Book - "Home Coffee Roasting; Romance & Revival" not just for Home Roasters!
Now after having just finished reading about the history of coffee by Mark Pendergrast, "Uncommon Grounds" my appettite for more knowledge about the coffee we enjoy on a daily basis. This lead me to reading "Home Coffee Roasting" written by Kenneth Davids, who also operates coffeereview.com. (You know the scores in the pictures!) The book is really good tomb of information and not only provides a breadth of information for the budding coffee roaster, but also gives a nice overview of coffee history and allows one I believe to better pick out a good coffee.
While I am not done reading this book one bit of information that I wanted to share was the bit about coffee blends their components and what blends should be used for what. To be honest my knowledge prior to reading these few pages was very minimal, like I didn't even know that a Mocha-Java was comprised of one third Yemeni Mocha and two thirds Java. So the Mocha is the fruit of the blend providing the acids while the Java mellows the Mocha making a more enjoyable cup of coffee.
The way Kenneth Davids breaks down blending is quite easy as he groups most coffees into five different categories, Big Classics, Softer Classics, Highlight and Exotic Coffees, Base-notes, and Robustas. As you can see this makes it pretty easy to understand just be reading the names of the categories how they might tastes.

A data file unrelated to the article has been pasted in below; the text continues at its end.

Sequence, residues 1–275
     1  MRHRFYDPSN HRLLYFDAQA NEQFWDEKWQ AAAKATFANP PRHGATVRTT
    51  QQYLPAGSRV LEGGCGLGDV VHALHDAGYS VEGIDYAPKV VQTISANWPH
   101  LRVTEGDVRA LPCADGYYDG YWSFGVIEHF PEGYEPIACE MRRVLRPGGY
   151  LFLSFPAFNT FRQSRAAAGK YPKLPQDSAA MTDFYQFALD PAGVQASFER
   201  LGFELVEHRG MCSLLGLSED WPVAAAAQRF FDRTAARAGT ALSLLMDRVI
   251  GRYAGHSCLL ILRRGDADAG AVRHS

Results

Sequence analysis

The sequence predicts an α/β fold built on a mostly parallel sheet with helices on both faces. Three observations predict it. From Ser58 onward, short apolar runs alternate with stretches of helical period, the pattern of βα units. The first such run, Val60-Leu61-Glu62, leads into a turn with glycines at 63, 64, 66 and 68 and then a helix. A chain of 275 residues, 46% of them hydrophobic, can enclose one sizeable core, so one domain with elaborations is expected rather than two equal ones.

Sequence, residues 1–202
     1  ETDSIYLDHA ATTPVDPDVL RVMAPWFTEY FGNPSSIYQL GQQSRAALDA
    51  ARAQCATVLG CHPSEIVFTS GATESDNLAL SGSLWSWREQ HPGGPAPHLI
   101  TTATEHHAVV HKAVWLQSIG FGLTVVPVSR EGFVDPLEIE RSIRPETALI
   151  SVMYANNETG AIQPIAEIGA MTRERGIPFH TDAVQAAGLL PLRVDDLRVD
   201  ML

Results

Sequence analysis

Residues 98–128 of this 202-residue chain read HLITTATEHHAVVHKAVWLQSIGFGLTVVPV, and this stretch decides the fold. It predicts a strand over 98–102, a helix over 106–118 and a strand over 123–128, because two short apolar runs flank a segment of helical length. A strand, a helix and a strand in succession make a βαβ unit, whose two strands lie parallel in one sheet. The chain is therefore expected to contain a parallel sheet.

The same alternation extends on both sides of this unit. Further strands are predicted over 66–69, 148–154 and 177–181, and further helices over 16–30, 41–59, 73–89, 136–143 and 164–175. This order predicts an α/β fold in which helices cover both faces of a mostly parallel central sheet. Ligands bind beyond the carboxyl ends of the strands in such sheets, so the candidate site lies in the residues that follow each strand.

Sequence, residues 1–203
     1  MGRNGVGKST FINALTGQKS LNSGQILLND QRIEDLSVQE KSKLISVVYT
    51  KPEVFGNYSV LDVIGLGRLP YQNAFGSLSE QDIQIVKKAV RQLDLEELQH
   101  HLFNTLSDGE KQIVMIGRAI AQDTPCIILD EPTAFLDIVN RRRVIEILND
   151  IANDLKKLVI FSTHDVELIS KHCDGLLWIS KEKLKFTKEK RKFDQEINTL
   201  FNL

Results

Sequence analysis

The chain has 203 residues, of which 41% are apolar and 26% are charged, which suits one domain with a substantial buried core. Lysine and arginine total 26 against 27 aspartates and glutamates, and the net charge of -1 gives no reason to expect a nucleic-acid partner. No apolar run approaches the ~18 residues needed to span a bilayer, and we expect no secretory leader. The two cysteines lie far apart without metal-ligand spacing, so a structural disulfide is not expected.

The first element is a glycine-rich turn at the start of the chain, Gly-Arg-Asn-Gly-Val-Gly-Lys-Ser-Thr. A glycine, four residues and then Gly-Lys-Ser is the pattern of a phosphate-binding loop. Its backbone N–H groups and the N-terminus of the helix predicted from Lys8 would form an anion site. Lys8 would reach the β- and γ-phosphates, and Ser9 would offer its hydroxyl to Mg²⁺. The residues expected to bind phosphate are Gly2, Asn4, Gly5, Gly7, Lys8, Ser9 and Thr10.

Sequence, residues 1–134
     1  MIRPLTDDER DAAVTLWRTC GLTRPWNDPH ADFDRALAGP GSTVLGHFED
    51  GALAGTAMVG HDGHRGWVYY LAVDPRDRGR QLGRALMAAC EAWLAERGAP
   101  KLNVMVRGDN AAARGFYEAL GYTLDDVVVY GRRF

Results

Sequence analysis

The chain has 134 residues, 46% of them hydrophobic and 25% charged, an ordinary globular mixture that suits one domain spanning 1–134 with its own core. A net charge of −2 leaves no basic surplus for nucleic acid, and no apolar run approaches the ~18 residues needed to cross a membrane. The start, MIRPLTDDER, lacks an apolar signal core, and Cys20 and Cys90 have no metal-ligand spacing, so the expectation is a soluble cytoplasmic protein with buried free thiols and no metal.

Category 1: Big Classics. Davids says these are the coffees are the ones the provide strong flavors to a coffee, and probably should not be used as a base for a blend. These are the high grown Guatemalan coffees like Antigua, Coban, Columbian coffees and high grown Costa Rican coffees.
Category 2: Softer Classics: He descirbes these coffees as being good blenders as they can create a good base for a coffee without competing with other blends and get sweet/chocolaty as they are roasted darkers making them good for espresso. Think Brazilian Santos, Panama, El Savador, India etc.
Category 3: Highlight and Exotic Coffees: These are coffees that are powerful and winelike, and shouldn't be used for a base. These are your Mocha's of the world, like Ethiopian Yirgacheffe, Kenya, Uganda etc.
Category 4: Base Note Coffees: These can anchor the coffees of 2 and balance without overwhelming the coffees on 1 and 2. This is the Sumatra's and monsooned Indian coffees.
Category 5: Robustas. These should mainly just be used in a small amount in espresso blends. You want just washed robustas.
Now know this is really good in that you know if you drink your coffee without milk or sugar that you might like blends of primarily 2 and 4. Thus they won't have those big acids in it that a person might not enjoy. Of course until you try a coffee you will never know what percentage of each they use, but I think it gives a rough guide post in deciding on a blend to try.
One interesting tid bit that was divulged was how a professional roaster comes up with a blend. They roast and cup the coffee they are going to use for the blend, then allow them to cool to room temp. After that they take a spoon full of each different coffee until they come up with the taste they desire. It's such a simple and elegant way to come up with a blend and much more well thought out then the random guessing that I thought was used in coming up with a blend.
Now excuse me while I study the contents of the latest blend I am enjoying, Big Truck Espresso and the Velton's Bonsi that I have on order!
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